“). Extremely disorganized or abnormal motor behavior may show in a number of ways, from childlike silliness to unpredictable anger. Behavior isn’t focused on a goal, so it is hard to do tasks. Behavior can include resistance to instructions, inappropriate or bizarre posture, a complete lack of response, or useless and excessive movement (“Schizophrenia”, “Childhood Schizophrenia.”) Lastly, emotional symptoms are usually negative symptoms, such as dulled emotions (Nordqvist, Christian). Poor expression of emotions is when responses to happy or sad occasions may be lacking, or inappropriate.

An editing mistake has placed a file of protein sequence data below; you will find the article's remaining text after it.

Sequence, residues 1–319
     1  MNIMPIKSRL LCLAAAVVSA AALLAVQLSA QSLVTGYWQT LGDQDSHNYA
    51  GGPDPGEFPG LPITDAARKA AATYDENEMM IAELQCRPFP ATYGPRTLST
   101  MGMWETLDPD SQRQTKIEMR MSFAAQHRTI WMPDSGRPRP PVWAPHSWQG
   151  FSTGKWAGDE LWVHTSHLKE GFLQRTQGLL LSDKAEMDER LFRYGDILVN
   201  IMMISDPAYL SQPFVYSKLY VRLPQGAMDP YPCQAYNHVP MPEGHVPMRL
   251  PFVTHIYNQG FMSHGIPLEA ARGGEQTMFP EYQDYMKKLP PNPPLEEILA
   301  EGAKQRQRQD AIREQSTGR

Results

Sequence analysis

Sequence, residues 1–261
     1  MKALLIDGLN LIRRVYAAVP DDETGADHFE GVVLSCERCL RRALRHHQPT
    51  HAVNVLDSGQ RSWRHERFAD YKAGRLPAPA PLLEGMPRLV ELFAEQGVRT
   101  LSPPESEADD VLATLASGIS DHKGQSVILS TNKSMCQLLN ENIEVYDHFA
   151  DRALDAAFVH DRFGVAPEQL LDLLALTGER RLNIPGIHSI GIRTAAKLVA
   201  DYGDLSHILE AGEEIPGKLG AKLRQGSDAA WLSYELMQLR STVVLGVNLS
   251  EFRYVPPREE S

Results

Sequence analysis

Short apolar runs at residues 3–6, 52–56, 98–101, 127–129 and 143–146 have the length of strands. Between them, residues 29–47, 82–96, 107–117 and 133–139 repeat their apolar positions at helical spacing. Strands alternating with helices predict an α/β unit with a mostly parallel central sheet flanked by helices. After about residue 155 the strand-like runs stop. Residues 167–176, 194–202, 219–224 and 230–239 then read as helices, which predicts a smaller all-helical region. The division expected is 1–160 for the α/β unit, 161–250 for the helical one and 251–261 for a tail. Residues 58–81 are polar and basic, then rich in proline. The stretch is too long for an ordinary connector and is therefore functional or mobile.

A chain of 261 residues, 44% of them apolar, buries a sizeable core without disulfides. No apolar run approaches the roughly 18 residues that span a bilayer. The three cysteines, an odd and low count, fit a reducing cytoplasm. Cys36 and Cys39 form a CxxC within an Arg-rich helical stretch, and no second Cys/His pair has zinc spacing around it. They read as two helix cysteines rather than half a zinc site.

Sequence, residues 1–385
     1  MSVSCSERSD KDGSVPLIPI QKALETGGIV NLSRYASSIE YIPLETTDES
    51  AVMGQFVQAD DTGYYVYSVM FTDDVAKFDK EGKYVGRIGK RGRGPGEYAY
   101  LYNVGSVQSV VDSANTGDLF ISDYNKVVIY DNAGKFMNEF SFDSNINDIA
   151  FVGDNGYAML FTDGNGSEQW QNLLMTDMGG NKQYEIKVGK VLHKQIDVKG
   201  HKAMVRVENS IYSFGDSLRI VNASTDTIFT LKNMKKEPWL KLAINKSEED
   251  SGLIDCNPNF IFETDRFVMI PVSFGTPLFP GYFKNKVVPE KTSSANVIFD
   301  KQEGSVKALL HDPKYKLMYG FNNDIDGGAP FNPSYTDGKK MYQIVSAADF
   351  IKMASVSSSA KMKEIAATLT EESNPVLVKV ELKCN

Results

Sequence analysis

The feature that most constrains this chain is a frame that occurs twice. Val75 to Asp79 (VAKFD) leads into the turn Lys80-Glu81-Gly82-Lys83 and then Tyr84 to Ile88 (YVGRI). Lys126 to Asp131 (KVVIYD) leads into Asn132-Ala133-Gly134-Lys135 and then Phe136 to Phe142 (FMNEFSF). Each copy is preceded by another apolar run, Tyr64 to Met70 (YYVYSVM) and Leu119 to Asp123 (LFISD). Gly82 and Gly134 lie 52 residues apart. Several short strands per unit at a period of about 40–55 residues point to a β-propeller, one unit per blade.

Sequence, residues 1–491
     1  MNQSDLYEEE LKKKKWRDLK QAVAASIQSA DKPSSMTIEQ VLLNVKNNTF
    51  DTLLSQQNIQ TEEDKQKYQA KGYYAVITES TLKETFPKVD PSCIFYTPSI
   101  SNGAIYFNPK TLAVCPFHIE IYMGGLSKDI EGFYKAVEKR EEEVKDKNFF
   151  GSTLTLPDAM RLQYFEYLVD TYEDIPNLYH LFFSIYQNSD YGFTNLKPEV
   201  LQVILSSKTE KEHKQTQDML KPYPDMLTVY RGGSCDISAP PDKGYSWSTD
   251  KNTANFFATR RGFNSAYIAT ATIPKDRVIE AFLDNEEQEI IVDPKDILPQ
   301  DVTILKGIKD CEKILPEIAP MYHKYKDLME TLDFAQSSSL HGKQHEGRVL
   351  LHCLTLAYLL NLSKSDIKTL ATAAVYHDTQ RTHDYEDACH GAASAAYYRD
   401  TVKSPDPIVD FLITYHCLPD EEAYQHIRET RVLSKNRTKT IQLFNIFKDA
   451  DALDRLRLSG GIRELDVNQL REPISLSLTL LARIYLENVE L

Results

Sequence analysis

Social withdrawal is when a patient with schizophrenia withdraws from all society; it is often because they believe somebody is going to harm them. Unawareness of illness is because the hallucinations and delusions seem so real for patients, many of them may not believe they are ill at all. They may refuse to take medication for fear of side effects, or for fear that the medication may be poisonous (Nordqvist, Christian). People with schizophrenia often lack awareness that their difficulties stem from a mental disorder that requires medical attention, so it often falls to family or friends to get them help (“Schizophrenia”). In men, schizophrenia symptoms typically start in the early to mid-20s. In women, symptoms typically begin in the late 20s.